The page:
Texas Prepares for New High School Diploma Rules

Jul 15, 2013 by

Some Texas high school students who failed state standardized exams this spring were given a reprieve under the comprehensive education bill that Gov. Rick Perry signed in early June.

Under current law, they would have had to take 15 state standardized exams to graduate. With the changes in House Bill 5 that begin in the coming school year, they will need to pass only 5. Shortly after Perry signed the bill, which cleared both chambers of the Legislature unanimously, the Texas Education Agency announced that current high school students would not have to retake exams they had failed in any of the six subjects that the new law removed from the state’s testing requirements. They are algebra II, chemistry, English III, geometry, physics and world history.

But as educators welcome the relief that the legislation brought from what were widely considered onerous state testing requirements, some school districts are now looking ahead at another part of the law, which will take effect in the 2014-15 school year and broadly expand the courses that will count toward a diploma.


“It’s truly changing the paradigm of how we will begin preparing our students for a successful career,” said Mary Ann Whiteker, the superintendent of Hudson Independent School District in East Texas near Lufkin, who also leads a statewide association of small and midsize schools.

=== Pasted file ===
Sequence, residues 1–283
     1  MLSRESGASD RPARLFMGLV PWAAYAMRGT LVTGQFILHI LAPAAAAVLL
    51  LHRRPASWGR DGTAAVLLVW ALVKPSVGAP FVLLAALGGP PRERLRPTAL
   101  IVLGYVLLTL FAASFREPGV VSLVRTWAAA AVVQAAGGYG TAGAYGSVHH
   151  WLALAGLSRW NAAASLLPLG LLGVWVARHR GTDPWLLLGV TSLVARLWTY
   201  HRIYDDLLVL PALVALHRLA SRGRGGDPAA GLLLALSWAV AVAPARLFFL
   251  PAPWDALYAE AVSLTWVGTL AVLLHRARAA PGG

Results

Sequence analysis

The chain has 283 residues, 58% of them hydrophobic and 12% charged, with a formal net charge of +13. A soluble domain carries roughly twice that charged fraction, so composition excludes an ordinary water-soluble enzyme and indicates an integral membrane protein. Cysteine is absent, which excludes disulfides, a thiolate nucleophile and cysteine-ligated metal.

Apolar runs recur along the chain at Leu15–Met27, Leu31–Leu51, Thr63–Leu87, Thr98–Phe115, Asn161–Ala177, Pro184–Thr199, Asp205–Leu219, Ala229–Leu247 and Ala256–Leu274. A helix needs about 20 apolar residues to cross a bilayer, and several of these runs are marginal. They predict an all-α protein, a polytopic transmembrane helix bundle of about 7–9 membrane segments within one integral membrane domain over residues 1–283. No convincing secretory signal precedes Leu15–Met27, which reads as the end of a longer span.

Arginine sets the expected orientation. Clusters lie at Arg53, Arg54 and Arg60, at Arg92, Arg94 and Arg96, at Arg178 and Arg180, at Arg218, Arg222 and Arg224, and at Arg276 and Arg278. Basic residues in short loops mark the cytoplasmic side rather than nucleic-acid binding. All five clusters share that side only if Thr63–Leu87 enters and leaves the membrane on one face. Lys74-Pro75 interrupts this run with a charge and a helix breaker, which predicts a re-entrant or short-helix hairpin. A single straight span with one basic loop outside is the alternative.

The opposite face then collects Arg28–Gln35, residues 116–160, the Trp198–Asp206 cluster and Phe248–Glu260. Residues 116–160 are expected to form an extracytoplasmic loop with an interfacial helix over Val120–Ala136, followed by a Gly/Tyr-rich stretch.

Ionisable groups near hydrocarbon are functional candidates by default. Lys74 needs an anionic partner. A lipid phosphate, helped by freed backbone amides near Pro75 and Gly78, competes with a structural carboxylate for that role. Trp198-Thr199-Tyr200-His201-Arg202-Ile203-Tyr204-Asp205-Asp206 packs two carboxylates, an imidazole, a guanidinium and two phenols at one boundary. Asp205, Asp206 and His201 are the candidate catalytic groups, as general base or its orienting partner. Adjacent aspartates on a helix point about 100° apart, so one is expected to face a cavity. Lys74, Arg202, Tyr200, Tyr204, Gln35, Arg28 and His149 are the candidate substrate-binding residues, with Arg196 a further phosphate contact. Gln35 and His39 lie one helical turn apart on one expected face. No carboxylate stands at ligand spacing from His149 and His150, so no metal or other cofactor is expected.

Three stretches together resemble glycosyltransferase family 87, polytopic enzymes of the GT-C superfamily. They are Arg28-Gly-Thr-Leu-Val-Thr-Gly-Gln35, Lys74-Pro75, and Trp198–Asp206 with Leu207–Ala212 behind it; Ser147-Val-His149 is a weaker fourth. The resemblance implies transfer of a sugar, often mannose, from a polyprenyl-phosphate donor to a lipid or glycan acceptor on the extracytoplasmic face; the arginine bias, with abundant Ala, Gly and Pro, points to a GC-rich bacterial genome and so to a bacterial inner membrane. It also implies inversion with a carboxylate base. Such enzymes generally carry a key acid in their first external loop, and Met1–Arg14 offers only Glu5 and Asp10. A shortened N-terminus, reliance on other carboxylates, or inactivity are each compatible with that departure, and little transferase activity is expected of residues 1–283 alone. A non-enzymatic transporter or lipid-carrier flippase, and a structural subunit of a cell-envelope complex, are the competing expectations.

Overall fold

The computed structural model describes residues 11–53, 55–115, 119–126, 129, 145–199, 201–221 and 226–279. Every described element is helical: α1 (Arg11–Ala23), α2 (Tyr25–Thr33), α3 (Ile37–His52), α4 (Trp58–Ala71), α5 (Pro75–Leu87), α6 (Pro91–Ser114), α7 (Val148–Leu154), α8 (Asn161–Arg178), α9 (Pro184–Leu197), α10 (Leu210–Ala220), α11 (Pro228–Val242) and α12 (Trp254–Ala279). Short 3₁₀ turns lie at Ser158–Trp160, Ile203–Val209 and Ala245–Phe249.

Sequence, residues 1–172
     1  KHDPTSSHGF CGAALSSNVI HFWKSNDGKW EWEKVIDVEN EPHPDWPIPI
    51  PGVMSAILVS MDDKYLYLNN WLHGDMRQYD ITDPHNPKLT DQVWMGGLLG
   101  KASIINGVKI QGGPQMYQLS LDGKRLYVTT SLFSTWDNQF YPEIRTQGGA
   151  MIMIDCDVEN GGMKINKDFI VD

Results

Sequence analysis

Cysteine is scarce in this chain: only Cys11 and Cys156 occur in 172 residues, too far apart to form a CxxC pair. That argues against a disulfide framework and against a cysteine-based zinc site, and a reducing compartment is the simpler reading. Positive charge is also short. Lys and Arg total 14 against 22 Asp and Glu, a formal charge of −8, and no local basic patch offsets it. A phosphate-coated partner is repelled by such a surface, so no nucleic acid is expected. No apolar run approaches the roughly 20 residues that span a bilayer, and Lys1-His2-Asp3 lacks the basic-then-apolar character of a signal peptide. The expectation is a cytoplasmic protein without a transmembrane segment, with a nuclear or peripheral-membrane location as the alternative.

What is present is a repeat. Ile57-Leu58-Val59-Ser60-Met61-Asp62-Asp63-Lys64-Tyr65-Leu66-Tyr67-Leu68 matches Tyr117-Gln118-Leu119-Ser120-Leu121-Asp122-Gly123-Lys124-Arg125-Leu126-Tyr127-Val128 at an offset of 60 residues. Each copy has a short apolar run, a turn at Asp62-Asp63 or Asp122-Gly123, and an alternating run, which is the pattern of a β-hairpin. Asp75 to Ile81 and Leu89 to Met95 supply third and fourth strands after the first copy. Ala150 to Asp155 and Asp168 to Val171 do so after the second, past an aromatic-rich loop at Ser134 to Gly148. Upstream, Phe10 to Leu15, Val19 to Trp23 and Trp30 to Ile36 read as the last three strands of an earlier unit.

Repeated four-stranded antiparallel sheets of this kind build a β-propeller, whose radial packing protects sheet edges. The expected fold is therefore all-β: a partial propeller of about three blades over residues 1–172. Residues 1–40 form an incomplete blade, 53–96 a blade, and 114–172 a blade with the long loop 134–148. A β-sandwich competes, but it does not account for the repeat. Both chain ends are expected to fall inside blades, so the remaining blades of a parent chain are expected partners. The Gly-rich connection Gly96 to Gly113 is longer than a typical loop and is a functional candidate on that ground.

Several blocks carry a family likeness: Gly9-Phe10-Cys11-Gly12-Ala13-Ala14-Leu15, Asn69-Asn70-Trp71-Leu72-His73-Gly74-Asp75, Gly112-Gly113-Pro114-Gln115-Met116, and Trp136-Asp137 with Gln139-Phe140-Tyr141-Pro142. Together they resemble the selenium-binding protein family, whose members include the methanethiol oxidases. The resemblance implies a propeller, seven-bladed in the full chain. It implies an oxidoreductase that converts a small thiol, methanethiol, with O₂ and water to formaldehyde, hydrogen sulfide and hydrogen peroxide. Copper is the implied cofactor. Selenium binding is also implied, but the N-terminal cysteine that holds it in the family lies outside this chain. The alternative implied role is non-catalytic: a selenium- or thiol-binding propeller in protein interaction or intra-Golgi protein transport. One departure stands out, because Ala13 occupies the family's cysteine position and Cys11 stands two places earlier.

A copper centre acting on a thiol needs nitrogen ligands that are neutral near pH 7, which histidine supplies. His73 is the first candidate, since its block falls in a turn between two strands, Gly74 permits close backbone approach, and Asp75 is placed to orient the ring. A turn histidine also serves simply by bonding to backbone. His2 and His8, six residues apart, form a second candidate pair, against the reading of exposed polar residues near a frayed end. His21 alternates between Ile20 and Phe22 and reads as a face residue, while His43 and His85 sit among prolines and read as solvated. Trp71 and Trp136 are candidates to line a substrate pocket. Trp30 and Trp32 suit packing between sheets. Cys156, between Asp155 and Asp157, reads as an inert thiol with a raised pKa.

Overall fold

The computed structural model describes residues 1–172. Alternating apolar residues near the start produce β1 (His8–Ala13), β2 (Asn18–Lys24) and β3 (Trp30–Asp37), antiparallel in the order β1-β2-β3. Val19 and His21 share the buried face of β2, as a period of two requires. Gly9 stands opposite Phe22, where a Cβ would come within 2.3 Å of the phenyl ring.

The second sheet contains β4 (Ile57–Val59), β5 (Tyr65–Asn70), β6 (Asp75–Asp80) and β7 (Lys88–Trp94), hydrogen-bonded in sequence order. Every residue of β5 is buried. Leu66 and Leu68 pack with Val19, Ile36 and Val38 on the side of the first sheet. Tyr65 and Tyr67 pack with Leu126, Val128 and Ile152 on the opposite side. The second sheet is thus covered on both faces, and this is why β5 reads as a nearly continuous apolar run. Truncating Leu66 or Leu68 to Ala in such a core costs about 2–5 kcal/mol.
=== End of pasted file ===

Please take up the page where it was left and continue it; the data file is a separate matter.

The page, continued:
The legislation did away with a state curriculum that required all students to take four years of math, science, English and social studies unless they opted for a “minimum” diploma plan. Now all high school students will take a foundation curriculum that includes four English credits and three credits each in science, social studies and math. Most will then go on to earn fourth credits in math and science, along with other required course work when they select a diploma “endorsement” in one of five areas: science and technology, business and industry, public services, humanities or a multidisciplinary option.

via Districts Prepare for New High School Diploma Rules | The Texas Tribune.

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